Boston –An unusual announcement of grants totaling $500,000 by Boston Foundation President and CEO Paul S. Grogan was made this morning at a forum held at the Foundation. These grants are directed at regional organizations that provide a combination of immediate direct help to local residents in distress, as well as longer term support to catalyze change that will benefit vulnerable households.
Among the recipients were the Red Cross of Massachusetts Bay , The Greater Boston Food Bank , United Way of Massachusetts Bay and the Merrimack Valley , the National Consumer Law Center , Citizens Energy Corporation and selected programs overseen by the City of Boston, all of whom have created special programs to deal with this crisis.
“We see a number of alarming trends coming together to threaten area residents this winter,” said Grogan. “Higher food prices, volatile heating prices, shrinking public resources as a result of the national economic crisis and an impending recession pose serious peril for families already in distress in the region as winter begins. We saw a need to respond quickly to expand the capacity of organizations with the skills and networks to help.”
The grants were announced at a forum titled The Coming Winter: Helping Greater Boston’s Vulnerable Residents Survive It, which brought together a panel of experts versed in emergency response and familiar with populations deemed most at risk. Also invited were representatives of other leading funder organizations in the region, including the Barr Foundation , Eos Foundation , Fireman Family Foundation , Catholic Charities and Combined Jewish Philanthropies , as well as a range of service organizations dealing with the challenges.
The forum was moderated by David Boeri, veteran journalist and co-host of Radio Boston, a weekly news program broadcast by WBUR FM 90.9. Panelists for the program included Eliza Greenberg, Commissioner for Elder Affairs for the City of Boston; Deborah C. Jackson, CEO of the Red Cross of Massachusetts Bay; Joseph P. Kennedy II, Chair and President of Citizens Energy; Carol Tienken, COO of the Greater Boston Food Bank; and Bill White, Assistant Secretary of Federal Affairs for the Executive Office of Energy and Environmental Affairs for the Commonwealth.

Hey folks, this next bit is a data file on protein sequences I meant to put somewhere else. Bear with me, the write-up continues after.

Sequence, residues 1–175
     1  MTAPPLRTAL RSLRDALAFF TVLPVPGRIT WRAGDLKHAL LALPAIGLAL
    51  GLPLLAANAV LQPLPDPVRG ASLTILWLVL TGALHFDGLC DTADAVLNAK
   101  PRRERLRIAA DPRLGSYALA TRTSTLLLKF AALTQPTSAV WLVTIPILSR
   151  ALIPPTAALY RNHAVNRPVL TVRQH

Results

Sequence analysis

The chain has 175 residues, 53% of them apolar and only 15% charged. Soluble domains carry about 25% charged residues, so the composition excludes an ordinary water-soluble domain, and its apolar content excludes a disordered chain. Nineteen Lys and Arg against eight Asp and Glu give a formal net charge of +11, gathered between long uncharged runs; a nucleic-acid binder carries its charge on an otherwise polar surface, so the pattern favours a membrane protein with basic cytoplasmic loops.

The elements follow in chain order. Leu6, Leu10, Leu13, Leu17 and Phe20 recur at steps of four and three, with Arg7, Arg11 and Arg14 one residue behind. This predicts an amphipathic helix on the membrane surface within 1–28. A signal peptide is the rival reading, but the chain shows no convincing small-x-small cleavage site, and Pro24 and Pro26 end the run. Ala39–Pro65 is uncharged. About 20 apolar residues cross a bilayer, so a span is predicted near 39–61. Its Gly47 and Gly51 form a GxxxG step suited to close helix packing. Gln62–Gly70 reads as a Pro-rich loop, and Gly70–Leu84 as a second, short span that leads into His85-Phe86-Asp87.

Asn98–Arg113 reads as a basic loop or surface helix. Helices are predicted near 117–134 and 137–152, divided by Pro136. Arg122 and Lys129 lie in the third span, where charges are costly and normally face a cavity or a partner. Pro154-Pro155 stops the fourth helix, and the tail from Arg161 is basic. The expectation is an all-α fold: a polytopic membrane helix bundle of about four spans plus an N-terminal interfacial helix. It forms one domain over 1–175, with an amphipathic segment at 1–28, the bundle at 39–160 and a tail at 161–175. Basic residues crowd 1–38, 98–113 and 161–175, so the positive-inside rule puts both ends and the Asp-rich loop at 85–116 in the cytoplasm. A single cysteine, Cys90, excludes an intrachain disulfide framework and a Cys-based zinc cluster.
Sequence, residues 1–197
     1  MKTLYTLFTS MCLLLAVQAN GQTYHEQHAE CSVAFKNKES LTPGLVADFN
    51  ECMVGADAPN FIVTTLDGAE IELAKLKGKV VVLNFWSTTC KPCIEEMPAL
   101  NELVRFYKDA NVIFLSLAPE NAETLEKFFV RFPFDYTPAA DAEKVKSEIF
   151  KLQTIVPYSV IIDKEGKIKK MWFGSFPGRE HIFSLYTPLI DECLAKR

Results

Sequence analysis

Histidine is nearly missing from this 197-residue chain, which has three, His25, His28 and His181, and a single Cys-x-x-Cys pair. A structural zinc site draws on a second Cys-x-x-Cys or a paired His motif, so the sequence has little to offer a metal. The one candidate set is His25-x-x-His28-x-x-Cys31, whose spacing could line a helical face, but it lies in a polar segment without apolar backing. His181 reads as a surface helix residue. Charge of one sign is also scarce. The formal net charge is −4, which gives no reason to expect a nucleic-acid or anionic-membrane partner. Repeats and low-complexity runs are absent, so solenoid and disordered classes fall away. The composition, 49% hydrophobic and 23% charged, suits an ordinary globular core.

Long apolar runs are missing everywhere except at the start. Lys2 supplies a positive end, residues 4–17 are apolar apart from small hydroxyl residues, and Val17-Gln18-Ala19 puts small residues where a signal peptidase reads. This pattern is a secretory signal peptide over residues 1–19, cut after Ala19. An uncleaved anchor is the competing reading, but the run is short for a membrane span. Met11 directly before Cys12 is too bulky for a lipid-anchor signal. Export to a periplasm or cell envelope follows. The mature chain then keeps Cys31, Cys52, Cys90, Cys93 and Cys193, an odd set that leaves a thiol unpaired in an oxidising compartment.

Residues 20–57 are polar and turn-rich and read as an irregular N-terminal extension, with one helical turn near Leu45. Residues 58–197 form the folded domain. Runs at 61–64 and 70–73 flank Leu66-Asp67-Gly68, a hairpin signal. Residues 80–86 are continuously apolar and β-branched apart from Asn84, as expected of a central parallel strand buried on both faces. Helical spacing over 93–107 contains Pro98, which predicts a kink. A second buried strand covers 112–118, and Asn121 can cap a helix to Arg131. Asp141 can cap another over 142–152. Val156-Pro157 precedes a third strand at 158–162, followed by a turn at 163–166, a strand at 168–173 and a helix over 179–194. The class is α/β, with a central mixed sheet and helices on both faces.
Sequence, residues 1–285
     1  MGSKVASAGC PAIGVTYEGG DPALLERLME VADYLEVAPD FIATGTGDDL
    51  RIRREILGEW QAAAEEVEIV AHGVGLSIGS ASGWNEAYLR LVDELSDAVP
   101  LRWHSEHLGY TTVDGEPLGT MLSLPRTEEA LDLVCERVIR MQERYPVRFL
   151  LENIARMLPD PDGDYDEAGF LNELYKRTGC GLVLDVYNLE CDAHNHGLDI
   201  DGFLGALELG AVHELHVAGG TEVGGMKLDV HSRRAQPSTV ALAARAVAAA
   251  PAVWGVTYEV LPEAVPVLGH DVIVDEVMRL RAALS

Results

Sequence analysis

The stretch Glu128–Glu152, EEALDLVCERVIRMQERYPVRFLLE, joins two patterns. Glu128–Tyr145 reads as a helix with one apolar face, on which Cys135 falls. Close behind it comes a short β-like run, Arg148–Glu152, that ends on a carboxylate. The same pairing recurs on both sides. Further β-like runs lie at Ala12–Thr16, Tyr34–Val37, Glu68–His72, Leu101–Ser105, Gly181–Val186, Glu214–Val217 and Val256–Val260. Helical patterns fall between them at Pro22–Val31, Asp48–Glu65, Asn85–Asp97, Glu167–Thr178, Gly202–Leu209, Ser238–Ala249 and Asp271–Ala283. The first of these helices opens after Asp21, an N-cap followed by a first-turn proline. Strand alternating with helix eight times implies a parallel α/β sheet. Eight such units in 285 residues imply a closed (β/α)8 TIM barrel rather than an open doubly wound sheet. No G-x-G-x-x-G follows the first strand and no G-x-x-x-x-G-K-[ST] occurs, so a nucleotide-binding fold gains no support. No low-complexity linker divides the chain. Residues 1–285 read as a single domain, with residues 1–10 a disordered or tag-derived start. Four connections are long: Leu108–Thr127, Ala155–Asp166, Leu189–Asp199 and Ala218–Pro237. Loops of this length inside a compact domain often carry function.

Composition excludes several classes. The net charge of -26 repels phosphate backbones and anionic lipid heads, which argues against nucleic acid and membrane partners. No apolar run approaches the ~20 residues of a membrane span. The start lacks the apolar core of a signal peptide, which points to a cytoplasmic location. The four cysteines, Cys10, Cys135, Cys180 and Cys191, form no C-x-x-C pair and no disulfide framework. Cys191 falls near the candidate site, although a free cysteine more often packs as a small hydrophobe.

In addition to the panelists, the forum included experts and leaders from organizations on the front lines responding to issues of hunger, housing and heating, as well as those who work with vulnerable populations, including the city’s elderly, low-income residents and children.
Specific grants announced included:
The Boston Foundation, Greater Boston’s community foundation, is one of the oldest and largest community foundations in the nation, with assets of over $964 million. In 2007, the Foundation and its donors made more than $92 million in grants to nonprofit organizations and received gifts of more than $90 million. The Foundation is made up of some 850 separate charitable funds established by donors either for the general benefit of the community or for special purposes. The Boston Foundation also serves as a major civic leader, provider of information, convener, and sponsor of special initiatives designed to address the community’s and region’s most pressing challenges. For more information about the Boston Foundation, visit www.tbf.org or call 617-338-1700.